Former Seattle real-estate magnate Michael R. Mastro and his wife, Linda, will remain in a French jail near Lyon, at least for now.
A French court on Friday turned down their bid to be released while they await proceedings to extradite them to the U.S.
The couple’s French lawyer, Thomas Terrier, said he wasn’t surprised by the decision. The three-judge appeals panel in Chambery basically deferred to American authorities while it awaits more information on the case, he said in an interview.
Once that information is available, Terrier said, he probably will move for their release again, perhaps in as soon as a few days.
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James Rigby, the court-appointed trustee in Michael Mastro’s massive bankruptcy case in Seattle, applauded the court’s ruling.
“It’s unfortunate that it’s come to this,” he said, “but apparently this is what it’s going to take to get Mr. Mastro to turn over his assets to the creditors.”
The Mastros disappeared in June 2011 after failing to comply with a bankruptcy judge’s order that they turn over two giant diamond rings valued at $1.4 million.
Warrants were issued for their arrest, and they were taken into custody by French police Oct. 24 in an apartment near Lake Annecy, in the French Alps, at the FBI’s request.
They have been indicted by a federal grand jury in Seattle on 43 counts of bankruptcy fraud and money laundering.
Terrier said he’s not surprised that American authorities are reluctant to see the Mastros released.
“I really can understand people being scared, because they already left once,” he said.
But the couple would have been under house arrest, or monitored electronically or required to check in daily with police had they been released, Terrier said.
And before their arrest they had leased a new apartment in the city of Annecy for a year starting Nov. 15, prepaying rent through the end of this year.
“That demonstrates they never planned to go away,” he said.
The decision to leave the U.S. last year “appears to be very irrational,” Terrier said, and apparently was made at Linda Mastro’s initiative.
Michael Mastro, now 87, may have been impaired by a serious head injury several months earlier, the lawyer added: “I’m not sure he realized everything.”
Mastro was hospitalized and in a coma for a time after a fall in February 2011 at his Palm Desert, Calif., rental house. A guardian was appointed to represent his interests in bankruptcy court.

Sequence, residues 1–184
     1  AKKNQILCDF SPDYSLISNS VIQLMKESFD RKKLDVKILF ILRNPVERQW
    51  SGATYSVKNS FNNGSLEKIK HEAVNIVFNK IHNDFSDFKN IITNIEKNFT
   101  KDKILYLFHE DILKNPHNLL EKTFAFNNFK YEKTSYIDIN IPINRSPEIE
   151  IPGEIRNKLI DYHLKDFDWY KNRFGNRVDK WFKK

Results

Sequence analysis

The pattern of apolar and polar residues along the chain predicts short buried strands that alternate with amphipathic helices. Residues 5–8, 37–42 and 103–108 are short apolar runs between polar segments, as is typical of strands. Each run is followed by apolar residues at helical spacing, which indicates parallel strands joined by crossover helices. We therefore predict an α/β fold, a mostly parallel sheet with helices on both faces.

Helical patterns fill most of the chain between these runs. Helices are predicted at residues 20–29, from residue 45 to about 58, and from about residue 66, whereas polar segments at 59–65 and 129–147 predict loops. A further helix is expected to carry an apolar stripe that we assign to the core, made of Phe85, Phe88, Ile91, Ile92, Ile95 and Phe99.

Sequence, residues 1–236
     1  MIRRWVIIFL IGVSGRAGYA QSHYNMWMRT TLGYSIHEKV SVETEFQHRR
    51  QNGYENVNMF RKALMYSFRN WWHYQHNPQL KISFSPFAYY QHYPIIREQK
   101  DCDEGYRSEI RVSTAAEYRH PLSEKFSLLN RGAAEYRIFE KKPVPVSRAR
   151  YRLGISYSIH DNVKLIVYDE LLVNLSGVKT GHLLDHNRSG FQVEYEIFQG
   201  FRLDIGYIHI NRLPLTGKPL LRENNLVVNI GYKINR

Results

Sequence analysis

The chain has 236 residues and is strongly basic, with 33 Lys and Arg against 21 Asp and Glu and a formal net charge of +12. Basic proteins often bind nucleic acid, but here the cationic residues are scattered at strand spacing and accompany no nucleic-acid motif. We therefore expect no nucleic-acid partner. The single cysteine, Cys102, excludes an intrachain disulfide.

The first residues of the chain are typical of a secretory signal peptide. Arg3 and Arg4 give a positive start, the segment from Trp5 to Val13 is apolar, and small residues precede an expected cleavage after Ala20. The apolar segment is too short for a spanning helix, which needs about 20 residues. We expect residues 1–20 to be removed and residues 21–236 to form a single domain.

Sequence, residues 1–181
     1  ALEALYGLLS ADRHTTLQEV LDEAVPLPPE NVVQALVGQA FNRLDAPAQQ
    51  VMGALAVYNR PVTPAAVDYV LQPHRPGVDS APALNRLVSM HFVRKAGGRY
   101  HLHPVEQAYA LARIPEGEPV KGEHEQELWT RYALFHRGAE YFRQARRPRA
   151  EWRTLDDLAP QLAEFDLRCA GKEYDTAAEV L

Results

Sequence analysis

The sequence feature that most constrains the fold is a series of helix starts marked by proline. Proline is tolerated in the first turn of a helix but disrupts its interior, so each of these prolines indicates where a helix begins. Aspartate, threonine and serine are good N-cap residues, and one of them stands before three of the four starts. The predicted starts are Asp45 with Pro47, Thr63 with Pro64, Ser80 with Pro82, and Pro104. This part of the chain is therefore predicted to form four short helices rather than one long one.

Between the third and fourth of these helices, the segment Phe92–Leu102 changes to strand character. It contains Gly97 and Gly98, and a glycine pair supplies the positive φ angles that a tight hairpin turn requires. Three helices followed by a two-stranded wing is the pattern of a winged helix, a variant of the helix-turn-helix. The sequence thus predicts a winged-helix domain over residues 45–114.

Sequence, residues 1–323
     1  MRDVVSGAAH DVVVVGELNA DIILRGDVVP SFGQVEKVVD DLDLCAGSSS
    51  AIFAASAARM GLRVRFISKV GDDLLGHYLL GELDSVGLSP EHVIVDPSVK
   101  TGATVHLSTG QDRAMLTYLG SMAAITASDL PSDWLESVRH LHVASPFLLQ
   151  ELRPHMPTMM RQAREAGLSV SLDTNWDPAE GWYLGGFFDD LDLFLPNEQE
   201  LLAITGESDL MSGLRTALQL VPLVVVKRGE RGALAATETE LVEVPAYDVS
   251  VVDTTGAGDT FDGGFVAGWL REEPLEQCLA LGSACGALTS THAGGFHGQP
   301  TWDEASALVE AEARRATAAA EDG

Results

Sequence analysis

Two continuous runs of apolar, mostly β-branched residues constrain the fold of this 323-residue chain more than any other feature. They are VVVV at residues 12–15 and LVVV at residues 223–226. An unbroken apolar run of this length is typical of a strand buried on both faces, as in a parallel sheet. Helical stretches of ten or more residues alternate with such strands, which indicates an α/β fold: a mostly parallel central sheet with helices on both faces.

But the guardian, retired state Supreme Court Justice Faith Ireland, was relieved of those duties in May 2011 after she told the court that Mastro, while still not fully recovered, was competent to testify.
Rigby questioned Friday how Mastro could be seriously impaired and still elude police for more than a year.
Mastro was a prominent Seattle real-estate developer and lender for 40 years, but his highly leveraged empire collapsed during the financial crisis. Three bank lenders pushed him into bankruptcy in July 2009.
His debts to unsecured creditors have been estimated at $250 million.
The indictment charges the Mastros concealed assets from bankruptcy officials, including a bank account, the two rings and household furnishings. It also charges they engaged in a series of sham transactions in a bid to put their Medina waterfront mansion off-limits to most creditors.
Terrier said the rings are in a safe-deposit box in France, but he doesn’t know where. A bankruptcy judge has ruled they belong to Mastro’s creditors, but Linda Mastro has appealed.
Rigby has long maintained the Mastros have still more hidden assets. Terrier said he’s seen no evidence of that.
“They may have hidden something very well, but I doubt it,” he said. “They probably have lost everything now.”
But Rigby said he understands the Mastros were paying 5,000 euros (about $6,400) a month for a villa they rented on Lake Annecy until this spring.
“How could they do that and be nearly indigent?” he said.
Eric Pryne: firstname.lastname@example.org or 206-464-2231